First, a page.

Every Book I Read in March – Wrap Up 2017

Every Book I Read in March – Wrap Up // 2017

February Wrap Up – 2017 – Book Reviews

by Joseph Conrad
8 out of 10

While only some 90 odd pages, Heart of Darkness requires immense concentration and stamina to complete. This little novel is a beautiful example of Victorian values juxtaposed with modernism. Advanced use of theme and symbology puts forth a spiritual question regarding the colonization of largely unexplored Africa in the heart of the Congo. Written 1899.

by Carolyn Keene
8 out of 10

Nancy Drew uses her trusty sleuthing skills to solve the mystery of a “ghost” tormenting an aging woman in her grand country estate with the help of her wits, father, and friends. 

by George Eliot
6 out of 10

Oft regarded as one of the best works in all of literary fiction, Middlemarch by George Eliot (pen name of Mary Anne Evans) is akin to a Victorian soap opera. Everyone gets married to an ill suited match, nobody says what they really mean, and all are overly concerned with money. Eliot uses this operatic plot to explore the role of women, their male counterparts, and the fluid concept of what makes a happy marriage. 

by Anne Rice
8 out of 10

The second installment of the Vampire Chronicles series by famed Anne Rice tells the story of Lestat, first introduced in book one, Interview with a Vampire. Rice is a master of convincing a reader that the inexplicable could be true. She wins my admiration again with this edition. The Prince Lestat offers up tantalizing back stories and new characters alike to enrapture the reader. I encourage new readers to begin this series with book one: Interview with a Vampire.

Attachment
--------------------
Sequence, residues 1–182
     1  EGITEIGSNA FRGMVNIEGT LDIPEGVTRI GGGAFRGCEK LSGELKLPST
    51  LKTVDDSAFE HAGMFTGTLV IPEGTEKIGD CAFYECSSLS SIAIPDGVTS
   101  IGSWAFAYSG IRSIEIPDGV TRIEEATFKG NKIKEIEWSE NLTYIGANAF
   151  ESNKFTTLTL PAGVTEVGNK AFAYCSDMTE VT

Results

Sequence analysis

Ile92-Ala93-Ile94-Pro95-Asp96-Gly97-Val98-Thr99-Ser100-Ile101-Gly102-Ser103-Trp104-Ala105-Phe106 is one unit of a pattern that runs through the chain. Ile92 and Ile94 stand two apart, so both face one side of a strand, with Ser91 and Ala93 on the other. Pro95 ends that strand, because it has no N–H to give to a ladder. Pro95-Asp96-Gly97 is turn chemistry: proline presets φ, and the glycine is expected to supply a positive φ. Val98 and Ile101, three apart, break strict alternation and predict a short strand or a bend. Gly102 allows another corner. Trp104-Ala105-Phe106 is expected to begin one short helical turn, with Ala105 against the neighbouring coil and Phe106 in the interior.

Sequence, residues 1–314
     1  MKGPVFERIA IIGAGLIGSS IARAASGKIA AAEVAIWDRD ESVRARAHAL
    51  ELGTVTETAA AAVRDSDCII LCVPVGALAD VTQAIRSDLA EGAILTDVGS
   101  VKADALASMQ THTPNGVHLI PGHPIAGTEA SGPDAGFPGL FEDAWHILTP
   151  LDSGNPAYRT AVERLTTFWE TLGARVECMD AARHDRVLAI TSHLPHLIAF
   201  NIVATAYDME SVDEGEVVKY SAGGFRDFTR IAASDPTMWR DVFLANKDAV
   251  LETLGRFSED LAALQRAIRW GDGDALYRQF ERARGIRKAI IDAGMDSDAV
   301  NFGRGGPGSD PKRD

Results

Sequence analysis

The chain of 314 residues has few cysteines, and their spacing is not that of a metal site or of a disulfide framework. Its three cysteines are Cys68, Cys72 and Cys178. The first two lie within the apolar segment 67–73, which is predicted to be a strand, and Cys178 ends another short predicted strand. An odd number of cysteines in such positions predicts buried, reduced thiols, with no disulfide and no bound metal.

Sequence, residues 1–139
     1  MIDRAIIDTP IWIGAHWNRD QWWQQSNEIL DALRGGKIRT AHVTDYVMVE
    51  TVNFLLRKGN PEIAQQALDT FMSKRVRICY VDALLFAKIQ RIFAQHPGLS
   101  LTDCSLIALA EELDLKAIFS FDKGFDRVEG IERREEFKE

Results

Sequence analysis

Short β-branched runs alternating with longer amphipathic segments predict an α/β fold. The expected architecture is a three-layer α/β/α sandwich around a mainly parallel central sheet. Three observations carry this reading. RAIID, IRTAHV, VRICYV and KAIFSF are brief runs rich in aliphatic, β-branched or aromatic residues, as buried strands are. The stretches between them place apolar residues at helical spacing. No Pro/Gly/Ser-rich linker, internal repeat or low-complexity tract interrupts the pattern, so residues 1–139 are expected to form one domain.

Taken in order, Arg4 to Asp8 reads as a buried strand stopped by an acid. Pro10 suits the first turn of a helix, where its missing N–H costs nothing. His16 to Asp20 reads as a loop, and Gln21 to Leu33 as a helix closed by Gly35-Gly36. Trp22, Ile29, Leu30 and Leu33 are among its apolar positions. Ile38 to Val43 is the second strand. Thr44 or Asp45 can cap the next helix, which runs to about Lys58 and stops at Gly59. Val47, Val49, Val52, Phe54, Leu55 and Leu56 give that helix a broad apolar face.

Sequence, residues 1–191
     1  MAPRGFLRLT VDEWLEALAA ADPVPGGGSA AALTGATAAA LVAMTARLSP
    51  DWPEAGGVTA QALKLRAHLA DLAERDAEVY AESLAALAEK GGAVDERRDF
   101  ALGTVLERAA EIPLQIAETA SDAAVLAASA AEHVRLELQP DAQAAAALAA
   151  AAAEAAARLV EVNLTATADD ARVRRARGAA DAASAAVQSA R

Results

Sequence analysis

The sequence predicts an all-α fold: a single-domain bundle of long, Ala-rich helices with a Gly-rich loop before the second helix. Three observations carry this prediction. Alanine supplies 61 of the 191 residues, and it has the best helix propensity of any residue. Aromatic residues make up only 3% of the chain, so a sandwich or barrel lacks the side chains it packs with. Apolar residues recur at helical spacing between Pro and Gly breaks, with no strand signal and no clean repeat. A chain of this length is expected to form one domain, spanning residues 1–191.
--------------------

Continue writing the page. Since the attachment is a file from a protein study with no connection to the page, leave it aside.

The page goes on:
EVERYTHING IS NORMAL: Life and Times of a Soviet Kid
by Sergey Grechiskin
7 out of 10

A firsthand perspective of Soviet Russia in the 19780’s allows a glimpse into the strange reality of the USSR as it strove towards communism – and failed. How did this really affect the daily lives of those who called it home? Sergey tells his side of the story through his childhood in St. Petersburg (then Stalingrad).

Available for Preorder Here

by Elan Mastai
9 out of 10

A candid exploration into the self, masquerading as a time travel romp. All Our Wrong Todays offers a humorously underachieving narrator who accidentally alters the fate of the world by using his father’s time machine. Love, loss, honesty, and laughter abound. Don’t miss out on the novel the literary world can’t stop talking about. 

by Carolyn Keene
8 out of 10

Everyone’s favorite sleuth is back to solve a burglary, catch the bad guys, and save an orphan with a jewel-strewn inheritance. 

by Easton Ellis
No rating

While Easton Ellis is praised for capturing the culture of the New York City 1980’s elite, he does so with an unnecessary amount of violence, gore, and misogyny, making this novel beyond scarring for the reader. I refuse rate it and can not, in good conscience, recommend it. Read at your own risk, or not at all. The most vial, disgusting piece of writing I have ever read. 

This book was included in the February edition of The Nocturnal Reader’s Box – See the unboxing here

by Donna Russo Morin
7 out of 10

This historical fiction series follows six women in Renaissance FLorence, bound together through their love and practice of art in a time when it was forbidden for a woman to lift a paintbrush. With the help of their newfound mentor, Leaonard Da  Vinci, the group recreates a painting to help find their missing friend, caught in the throes of the struggle for Medici power. 

by Christine Ng
10 out of 10

An honest tale of love, loss, and how the words left unsaid can destroy you. Ng has perfectly portrayed the inner workings of a family. The little betrayals, complicated sibling dynamics, the fight to be loved and accepted are familiar to us all. She writes this piece thoughtfully, as if each sentence has been carefully considered. 

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